If you don’t vote, this post is directed right at you. Last election, you were either too busy doing something you thought was more important, too lazy or you made the conscious decision that it wouldn’t make any difference. Maybe you didn’t like any of the candidates who were running, so why bother? Whatever your reason, you were a no show.
The last Mayoral primary was in 2011. The table to the right is from the Maryland Board of Elections and shows how the 74,460 people who did show up voted. While 74,460 is a large number, it’s only 25.49% of the city’s 292,059 registered Democrats who were eligible to vote in 2011.
To be clear, approximately 75% of the voters, yourself included, allowed just 25% of the voters to pick their next Mayor. The turnout rates for City Council varied, but were also very low.
And so it was decided to move the Mayoral primary to the Presidential election cycle. The Mayor and Council Members were all given one-time-only 5 year terms so that their next election would be in 2016 as part of the Presidential primary. The thought was that all the hullabaloo that surrounds a Presidential election would encourage more people to vote. Good idea? That depends…
The last Presidential Primary was in 2012. As you can see in the table below, 42,371 Democratic votes were cast for the position of President. That’s only 14.79% of the 291,991 registered Democrats who were eligible to vote – and that’s pretty much the way it was throughout the entire ballot. Round numbers, 85% of registered Democrats opted not to show up, deferring to just 15% of their cohorts – not just for the position of President which was uncontested, but for everyone and everything else on the ballot that year.
The “So what?” is that there is a high likelihood that next April’s Presidential Primary will also be uncontested. Secretary Clinton will have opponents, but she may have a commanding lead in the polls, in Maryland and around the county – so commanding that voters can be pretty sure she’ll be the Democratic nominee, whether or not they vote for her.
The Mayor’s race, on the other hand, will be hotly contested, as it was in 2011. So we’re guessing that turnout at next April’s primary will between 15% and 25%.
And so the question is, given all that’s wrong with Baltimore and that you live here, do you really want to defer to a minority of just 15% to 25% to pick someone whose competence or incompetence will have direct and material bearing on your personal income and welfare? And if have kids too young to vote, do you really trust those 15% to 25% to vote in your children’s best interests?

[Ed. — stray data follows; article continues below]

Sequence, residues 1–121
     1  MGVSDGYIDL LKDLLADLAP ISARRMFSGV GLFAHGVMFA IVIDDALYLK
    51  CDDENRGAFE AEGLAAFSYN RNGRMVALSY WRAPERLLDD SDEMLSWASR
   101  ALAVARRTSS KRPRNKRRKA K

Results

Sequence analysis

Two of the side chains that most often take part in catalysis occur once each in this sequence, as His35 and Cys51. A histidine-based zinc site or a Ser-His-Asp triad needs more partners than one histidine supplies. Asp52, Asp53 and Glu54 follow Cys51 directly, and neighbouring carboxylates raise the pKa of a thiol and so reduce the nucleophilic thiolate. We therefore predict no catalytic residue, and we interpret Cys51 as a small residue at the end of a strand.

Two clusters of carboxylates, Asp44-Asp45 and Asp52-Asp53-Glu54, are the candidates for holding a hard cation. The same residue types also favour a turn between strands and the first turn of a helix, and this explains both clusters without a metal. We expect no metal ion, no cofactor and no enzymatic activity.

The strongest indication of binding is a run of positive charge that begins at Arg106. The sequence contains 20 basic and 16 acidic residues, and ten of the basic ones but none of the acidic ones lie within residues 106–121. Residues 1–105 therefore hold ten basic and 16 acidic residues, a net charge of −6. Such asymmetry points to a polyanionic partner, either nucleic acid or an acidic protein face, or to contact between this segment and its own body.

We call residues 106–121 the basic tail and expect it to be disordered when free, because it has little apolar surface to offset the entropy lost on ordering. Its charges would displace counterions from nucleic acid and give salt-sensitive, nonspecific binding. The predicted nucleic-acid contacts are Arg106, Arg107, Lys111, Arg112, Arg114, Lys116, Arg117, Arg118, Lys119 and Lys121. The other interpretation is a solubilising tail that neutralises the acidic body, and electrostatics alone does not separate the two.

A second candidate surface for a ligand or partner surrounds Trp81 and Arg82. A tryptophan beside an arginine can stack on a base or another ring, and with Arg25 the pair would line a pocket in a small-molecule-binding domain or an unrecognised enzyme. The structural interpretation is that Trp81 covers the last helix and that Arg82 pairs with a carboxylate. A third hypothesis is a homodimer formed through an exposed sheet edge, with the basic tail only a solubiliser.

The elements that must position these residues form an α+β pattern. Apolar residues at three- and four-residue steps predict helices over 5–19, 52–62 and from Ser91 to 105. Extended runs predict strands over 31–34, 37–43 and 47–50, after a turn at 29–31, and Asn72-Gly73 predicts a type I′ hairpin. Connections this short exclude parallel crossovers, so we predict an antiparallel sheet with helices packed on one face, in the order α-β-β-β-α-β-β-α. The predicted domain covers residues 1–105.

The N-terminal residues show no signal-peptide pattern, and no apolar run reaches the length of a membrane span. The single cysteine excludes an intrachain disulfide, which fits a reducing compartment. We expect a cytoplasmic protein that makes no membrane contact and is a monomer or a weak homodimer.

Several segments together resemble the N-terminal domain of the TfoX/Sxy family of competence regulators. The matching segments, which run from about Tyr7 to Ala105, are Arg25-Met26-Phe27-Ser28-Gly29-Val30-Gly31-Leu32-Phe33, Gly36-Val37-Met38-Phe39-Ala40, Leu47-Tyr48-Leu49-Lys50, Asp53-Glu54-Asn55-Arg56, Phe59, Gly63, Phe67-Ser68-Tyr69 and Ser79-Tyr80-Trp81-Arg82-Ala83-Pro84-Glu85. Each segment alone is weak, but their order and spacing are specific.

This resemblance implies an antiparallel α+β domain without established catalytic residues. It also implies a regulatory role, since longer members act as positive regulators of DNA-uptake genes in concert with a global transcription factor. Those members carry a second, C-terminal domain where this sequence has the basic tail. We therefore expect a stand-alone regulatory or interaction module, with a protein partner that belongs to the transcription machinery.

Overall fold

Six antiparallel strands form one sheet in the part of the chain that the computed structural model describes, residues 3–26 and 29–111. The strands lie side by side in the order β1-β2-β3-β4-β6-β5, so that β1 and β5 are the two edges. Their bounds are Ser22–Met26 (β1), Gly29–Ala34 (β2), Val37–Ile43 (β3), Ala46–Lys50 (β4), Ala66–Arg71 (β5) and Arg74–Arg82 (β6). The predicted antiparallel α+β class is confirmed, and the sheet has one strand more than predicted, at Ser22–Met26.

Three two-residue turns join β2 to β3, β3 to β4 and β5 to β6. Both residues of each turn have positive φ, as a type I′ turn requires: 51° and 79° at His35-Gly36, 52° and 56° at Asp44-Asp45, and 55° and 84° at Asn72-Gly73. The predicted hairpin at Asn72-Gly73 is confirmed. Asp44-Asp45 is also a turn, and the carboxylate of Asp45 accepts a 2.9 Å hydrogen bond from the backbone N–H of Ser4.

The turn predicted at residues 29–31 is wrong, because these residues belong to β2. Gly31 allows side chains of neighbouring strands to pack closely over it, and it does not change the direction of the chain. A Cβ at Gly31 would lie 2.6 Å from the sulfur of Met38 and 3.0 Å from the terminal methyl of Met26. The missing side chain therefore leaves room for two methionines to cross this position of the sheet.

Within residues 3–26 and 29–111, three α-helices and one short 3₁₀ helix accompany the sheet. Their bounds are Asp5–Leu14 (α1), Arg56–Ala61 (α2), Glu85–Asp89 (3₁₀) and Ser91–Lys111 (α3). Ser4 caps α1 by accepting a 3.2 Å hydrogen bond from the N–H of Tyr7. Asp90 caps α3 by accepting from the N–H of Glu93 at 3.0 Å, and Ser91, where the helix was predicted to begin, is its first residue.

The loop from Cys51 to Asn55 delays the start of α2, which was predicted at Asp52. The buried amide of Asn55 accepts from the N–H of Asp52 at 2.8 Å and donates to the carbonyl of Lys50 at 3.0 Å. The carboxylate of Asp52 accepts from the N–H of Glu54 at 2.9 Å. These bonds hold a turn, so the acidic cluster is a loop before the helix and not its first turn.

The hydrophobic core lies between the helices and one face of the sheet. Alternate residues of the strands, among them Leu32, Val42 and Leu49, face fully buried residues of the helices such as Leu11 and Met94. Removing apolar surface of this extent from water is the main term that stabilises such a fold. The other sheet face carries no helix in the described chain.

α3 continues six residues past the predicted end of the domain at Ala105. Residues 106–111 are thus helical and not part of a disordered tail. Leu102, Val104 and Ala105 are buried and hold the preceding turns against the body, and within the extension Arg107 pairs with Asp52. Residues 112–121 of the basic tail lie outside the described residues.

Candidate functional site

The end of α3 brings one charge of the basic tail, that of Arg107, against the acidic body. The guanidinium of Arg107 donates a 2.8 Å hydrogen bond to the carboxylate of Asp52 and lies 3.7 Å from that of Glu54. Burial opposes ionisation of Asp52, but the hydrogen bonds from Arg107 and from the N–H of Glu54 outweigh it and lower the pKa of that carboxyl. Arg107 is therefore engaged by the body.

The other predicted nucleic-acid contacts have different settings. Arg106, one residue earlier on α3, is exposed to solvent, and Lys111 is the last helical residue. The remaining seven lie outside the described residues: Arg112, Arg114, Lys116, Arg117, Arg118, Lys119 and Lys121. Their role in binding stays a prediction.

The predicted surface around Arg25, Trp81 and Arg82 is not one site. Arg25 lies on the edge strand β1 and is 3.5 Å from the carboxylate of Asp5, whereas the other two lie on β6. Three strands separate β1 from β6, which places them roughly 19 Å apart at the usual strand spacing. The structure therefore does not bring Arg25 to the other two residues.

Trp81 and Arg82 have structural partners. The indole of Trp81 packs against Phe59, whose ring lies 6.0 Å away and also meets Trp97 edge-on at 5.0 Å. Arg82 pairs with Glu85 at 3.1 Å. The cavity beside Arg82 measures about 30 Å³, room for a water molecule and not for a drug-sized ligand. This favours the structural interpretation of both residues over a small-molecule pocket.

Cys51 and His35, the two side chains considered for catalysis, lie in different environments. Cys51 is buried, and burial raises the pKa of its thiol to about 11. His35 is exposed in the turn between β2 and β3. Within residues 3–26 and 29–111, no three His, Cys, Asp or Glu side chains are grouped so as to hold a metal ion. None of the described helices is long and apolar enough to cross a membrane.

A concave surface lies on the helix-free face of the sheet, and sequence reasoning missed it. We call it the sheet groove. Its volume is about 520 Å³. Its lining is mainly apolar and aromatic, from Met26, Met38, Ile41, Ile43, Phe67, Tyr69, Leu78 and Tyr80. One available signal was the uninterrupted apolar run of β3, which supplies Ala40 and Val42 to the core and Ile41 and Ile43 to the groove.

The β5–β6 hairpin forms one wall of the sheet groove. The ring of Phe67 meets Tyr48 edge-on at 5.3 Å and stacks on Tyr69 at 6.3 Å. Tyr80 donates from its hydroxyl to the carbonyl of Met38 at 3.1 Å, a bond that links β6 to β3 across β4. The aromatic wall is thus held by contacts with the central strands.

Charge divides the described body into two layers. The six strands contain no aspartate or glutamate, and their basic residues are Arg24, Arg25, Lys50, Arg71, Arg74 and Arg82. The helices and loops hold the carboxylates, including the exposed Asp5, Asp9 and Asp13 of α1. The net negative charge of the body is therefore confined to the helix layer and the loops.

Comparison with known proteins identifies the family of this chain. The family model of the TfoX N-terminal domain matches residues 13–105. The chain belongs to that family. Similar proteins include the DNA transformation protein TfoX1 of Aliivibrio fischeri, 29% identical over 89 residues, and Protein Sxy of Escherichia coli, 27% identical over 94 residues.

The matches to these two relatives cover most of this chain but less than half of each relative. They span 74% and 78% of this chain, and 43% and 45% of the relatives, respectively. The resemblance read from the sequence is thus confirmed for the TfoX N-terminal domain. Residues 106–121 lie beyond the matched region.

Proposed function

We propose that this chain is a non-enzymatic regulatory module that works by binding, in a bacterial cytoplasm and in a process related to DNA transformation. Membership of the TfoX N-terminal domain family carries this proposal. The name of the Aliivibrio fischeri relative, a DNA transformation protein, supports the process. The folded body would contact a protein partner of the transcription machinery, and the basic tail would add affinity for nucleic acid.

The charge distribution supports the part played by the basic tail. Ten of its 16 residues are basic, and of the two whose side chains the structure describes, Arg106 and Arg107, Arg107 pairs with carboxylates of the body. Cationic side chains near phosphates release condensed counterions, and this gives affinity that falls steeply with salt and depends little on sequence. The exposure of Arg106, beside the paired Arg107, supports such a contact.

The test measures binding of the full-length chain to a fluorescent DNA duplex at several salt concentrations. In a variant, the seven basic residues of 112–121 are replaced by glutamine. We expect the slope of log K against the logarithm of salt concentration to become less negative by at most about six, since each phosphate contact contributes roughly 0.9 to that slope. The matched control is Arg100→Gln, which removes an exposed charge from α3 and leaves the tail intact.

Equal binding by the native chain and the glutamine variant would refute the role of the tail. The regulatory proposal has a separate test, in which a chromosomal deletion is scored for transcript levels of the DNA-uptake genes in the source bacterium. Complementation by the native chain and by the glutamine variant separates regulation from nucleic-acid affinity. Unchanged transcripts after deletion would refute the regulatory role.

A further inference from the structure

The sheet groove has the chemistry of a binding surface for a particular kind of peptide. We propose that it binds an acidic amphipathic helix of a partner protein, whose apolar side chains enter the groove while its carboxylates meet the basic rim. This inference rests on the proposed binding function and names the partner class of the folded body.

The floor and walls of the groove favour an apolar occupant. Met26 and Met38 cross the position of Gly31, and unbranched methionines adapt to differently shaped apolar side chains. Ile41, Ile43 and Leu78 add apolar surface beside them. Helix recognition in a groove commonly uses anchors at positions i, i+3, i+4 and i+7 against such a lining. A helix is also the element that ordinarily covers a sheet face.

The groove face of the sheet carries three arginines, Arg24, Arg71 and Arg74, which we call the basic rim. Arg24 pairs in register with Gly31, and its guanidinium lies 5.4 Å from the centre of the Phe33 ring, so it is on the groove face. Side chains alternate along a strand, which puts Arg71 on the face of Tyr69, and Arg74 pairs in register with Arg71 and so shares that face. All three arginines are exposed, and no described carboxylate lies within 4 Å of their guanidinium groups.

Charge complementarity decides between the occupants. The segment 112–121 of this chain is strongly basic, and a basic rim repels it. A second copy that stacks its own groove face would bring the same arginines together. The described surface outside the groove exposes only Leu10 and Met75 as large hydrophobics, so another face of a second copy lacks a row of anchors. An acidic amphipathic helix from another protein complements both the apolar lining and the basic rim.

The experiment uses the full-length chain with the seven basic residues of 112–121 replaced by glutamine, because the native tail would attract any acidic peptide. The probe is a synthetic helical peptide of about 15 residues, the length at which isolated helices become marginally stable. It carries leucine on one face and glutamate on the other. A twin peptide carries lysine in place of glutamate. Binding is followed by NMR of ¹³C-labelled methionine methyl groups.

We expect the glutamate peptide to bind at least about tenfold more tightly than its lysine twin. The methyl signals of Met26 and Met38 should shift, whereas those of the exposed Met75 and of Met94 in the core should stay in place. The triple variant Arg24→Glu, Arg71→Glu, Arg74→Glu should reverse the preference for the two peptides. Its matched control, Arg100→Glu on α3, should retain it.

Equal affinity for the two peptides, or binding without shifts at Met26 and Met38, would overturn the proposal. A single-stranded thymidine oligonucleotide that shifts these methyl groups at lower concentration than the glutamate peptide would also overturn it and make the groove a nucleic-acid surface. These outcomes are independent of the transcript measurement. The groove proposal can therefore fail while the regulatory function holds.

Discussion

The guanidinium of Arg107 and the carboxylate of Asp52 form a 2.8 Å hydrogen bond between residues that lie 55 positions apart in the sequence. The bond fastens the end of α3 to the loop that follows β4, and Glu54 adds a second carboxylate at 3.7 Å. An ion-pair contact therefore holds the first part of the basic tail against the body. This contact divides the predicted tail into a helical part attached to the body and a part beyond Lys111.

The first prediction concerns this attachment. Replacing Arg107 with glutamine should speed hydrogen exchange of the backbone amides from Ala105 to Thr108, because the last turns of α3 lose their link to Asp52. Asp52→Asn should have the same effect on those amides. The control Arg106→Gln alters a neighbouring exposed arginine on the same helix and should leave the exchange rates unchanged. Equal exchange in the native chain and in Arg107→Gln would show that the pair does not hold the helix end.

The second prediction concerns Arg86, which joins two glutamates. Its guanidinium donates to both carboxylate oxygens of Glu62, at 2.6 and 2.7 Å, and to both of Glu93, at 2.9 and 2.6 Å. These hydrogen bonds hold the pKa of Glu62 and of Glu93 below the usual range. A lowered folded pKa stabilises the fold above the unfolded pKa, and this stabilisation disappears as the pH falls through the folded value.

Remember, in Baltimore you don’t even need a majority of the votes to win. There’s no run off election if no one receives a majority of the votes. All you need to win is more votes than anyone else. Depending upon the number of candidates running and their popularity, a given candidate could become Mayor with only, let’s say, 30% of the vote. That’s 30% of the 25% who voted, so only 7.5% of the registered voters just elected the person who is going to be the Mayor of 100% of the city. And who knows why that 7.5% voted for that particular candidate?
“I know turnout sucks, but what difference…”
Excuse me. You’re not seriously going to make the “I’m only one vote” argument, are you?
“Well, I may have been thinking about it.”
In fact, thousands of people are reading this post. Thousands of people like you. Round numbers, there are 300,000 registered Democrats in Baltimore, 225,000 or more of which aren’t going to vote unless Baltimore Rising and other like-minded organizations and people – like you? – do something about it.
Baltimore Rising believes in Democracy and in majority rule. We believe that the more people who vote, the more people who stand up and voice their opinion, even if it’s to choose the least undesirable candidate – the better the result. We believe that showing up is important. …No, wait. It’s more than important. It’s essential.
We’re going to be sending thousands of reluctant voters like you an application for an absentee ballot – and we’re going to be pushing for online voting beginning as soon as possible. In the meantime, would you please take the time next April, show up and vote your convictions, whatever they may be?
So, are you in this, or out of it? If you’re in, please take the time to leave us your name and email address which we promise not to abuse – and perhaps make a small contribution to support our objectives. And tell your friends to vote too.
Feel free to leave a comment if you have something to say.
Thanks. And welcome to Baltimore Rising.